Over the years, Ennis also became a regular figure at Bible Study classes that gathered in a portion of the Wallers’ downtown East Main and Chester Street property. “He’d get here early and he’d say, ‘Give me the keys and I’ll open up the door, I’ll be back here’.”
“He loved it when people came in, especially Bible Study. Everyone knew him, and it was like setting your clock on Sunday. He didn’t want to miss it,” Sue said.
Ralph Waller explained that at one point, Ennis had lived in Stephens City in Frederick County. Eventually, his wife, Linda, moved to Pennsylvania to be closer to family there, they said. According to the Wallers, Ralph Ennis had a home built for his wife to relocate to in Pennsylvania, putting the home in her name.
But with most of his interests remaining further south, Ennis first stayed in Maryland for perhaps a year, the Wallers said. “So, he would drive down here from there, near Breezewood,” Ralph said. Eventually he relocated at least part-time here, staying for about a month at the Baymont Inn on Commerce Avenue at East Main Street in Front Royal, living with his two cats, of whom he was very fond, the Wallers noted. In fact, they said that the time of the April 2 traffic stop, Ennis had his two cats travelling with him.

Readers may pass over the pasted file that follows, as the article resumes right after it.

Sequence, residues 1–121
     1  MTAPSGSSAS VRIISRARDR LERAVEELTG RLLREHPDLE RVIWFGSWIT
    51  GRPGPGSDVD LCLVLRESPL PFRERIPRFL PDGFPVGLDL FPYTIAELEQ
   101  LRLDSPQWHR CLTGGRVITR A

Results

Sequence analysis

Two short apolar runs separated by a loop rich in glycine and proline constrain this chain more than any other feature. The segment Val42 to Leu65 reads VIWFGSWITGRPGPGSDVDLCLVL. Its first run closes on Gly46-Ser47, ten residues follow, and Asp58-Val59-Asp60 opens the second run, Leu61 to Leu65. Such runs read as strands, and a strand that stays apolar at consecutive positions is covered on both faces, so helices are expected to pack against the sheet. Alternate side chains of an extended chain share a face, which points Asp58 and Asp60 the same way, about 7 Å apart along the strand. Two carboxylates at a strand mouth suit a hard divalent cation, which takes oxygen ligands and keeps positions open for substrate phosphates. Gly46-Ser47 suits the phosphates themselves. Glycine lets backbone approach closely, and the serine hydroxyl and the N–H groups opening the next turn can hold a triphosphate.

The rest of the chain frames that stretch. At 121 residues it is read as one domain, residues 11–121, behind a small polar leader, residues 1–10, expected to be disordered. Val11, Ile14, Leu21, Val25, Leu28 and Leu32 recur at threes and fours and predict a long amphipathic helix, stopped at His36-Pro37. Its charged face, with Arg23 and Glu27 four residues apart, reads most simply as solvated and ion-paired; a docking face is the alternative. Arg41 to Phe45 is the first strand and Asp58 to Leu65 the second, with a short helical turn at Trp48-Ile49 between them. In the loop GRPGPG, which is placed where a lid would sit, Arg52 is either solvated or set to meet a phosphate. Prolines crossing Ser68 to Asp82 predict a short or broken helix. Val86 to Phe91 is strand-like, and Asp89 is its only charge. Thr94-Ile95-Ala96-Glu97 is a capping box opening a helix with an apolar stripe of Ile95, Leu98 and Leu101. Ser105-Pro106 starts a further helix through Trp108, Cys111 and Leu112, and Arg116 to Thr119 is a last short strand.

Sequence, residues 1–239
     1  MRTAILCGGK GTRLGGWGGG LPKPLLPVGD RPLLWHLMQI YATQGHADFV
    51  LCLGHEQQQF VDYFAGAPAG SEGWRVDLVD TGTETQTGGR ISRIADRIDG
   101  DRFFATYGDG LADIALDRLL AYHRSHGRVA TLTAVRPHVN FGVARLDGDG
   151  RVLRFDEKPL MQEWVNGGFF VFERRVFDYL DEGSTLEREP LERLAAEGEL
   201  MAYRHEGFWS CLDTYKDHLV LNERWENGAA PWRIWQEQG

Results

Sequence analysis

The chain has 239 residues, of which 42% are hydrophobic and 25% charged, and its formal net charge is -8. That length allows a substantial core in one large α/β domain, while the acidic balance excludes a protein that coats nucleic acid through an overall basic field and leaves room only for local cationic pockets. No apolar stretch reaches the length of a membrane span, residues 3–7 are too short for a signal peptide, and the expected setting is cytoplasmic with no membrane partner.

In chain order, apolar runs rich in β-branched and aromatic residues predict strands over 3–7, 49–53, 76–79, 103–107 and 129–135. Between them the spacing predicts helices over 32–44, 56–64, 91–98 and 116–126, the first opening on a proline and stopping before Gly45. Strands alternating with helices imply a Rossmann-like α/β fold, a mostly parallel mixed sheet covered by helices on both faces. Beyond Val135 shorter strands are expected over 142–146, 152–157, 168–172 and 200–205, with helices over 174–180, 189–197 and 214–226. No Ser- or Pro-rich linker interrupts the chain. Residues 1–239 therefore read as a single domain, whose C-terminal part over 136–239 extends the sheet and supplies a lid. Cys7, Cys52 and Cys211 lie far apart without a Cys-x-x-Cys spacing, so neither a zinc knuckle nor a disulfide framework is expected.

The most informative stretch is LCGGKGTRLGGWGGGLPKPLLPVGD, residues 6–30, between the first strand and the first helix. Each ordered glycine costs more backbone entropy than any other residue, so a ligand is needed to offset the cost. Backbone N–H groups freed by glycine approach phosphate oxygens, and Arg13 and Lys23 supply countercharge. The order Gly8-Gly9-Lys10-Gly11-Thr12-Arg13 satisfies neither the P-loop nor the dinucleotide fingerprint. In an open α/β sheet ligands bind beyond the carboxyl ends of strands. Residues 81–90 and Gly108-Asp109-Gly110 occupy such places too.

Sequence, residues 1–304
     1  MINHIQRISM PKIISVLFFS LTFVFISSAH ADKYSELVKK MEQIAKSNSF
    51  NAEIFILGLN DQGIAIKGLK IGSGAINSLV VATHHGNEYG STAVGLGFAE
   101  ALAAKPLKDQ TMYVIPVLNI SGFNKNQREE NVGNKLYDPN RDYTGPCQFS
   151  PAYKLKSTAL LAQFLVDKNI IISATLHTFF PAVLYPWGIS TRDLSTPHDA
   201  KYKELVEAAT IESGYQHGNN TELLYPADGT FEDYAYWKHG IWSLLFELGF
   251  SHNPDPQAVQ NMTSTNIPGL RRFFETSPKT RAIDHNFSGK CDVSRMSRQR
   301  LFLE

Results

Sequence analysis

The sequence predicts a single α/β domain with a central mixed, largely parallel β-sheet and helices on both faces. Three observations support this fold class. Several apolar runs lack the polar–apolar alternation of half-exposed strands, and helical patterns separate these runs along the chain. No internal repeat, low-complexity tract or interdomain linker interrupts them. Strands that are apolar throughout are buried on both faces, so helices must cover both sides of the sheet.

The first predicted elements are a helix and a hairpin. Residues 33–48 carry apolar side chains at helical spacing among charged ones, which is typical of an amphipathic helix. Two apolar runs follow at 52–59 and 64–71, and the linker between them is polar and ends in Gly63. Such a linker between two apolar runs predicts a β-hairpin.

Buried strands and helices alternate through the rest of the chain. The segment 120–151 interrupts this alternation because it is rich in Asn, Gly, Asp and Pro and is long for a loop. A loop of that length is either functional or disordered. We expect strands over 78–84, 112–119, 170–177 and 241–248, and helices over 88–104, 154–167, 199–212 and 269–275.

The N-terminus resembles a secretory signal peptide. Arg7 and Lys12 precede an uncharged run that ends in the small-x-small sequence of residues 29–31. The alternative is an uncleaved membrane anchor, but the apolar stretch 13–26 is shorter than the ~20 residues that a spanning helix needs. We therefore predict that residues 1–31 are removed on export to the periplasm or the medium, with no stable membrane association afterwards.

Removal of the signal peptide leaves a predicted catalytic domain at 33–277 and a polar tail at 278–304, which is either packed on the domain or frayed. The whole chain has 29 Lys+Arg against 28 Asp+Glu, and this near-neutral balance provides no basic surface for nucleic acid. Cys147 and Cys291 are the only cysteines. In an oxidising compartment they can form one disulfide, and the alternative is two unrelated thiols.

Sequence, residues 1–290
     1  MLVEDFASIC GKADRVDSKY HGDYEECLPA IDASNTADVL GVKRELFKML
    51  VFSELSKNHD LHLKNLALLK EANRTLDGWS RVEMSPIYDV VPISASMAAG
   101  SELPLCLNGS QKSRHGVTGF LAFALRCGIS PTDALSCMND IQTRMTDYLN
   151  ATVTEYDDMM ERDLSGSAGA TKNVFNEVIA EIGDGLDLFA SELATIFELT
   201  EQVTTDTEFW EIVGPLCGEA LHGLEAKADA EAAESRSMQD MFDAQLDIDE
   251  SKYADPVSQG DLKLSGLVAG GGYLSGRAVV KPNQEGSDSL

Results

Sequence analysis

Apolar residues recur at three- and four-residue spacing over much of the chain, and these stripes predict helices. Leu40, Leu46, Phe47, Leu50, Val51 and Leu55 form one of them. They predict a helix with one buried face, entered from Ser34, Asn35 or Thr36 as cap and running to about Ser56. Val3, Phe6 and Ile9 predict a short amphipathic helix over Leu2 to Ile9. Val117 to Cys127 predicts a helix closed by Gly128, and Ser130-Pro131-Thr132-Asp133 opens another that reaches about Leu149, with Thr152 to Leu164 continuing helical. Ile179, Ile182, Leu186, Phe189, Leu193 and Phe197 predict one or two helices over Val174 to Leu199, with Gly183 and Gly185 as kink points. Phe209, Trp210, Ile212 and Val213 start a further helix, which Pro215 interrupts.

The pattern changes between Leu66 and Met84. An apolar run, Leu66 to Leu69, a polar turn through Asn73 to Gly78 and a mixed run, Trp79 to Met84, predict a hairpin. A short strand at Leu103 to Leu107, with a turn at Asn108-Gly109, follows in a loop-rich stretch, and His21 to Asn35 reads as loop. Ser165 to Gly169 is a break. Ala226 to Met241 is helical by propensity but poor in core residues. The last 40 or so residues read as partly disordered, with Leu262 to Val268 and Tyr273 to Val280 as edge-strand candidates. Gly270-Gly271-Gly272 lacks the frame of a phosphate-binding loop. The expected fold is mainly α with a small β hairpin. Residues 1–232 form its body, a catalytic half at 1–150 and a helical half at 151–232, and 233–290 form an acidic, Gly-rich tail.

We asked the Wallers about their friend’s recent cognitive issues, leading to the March 11 endangered missing person alert in which it was instructed that when found, Ennis should not be allowed to continue driving on his own. Ralph began with a nod to the involved sheriff’s office deputies on that occasion. “They were very professional; the four people involved were nice and very helpful.
They asked him where he was and he said, ‘I’m at the pawn shop’ and they said, ‘Well, what town are you in?’ and he had a little trouble, he said, ‘I’m here, at the pawn shop’.
“His wife had called in the report and told them he shouldn’t be driving,” Ralph noted. “His son came up here on March 11th with the Senior Alert,” Sue noted of Ennis’s son Ian, who had visited them at the pawn shop earlier the day we spoke to them. Ralph noted that, “The deputy told me, ‘Don’t let him drive,’ and I said, ‘I promise you he won’t drive; I’ll give the keys to his son.”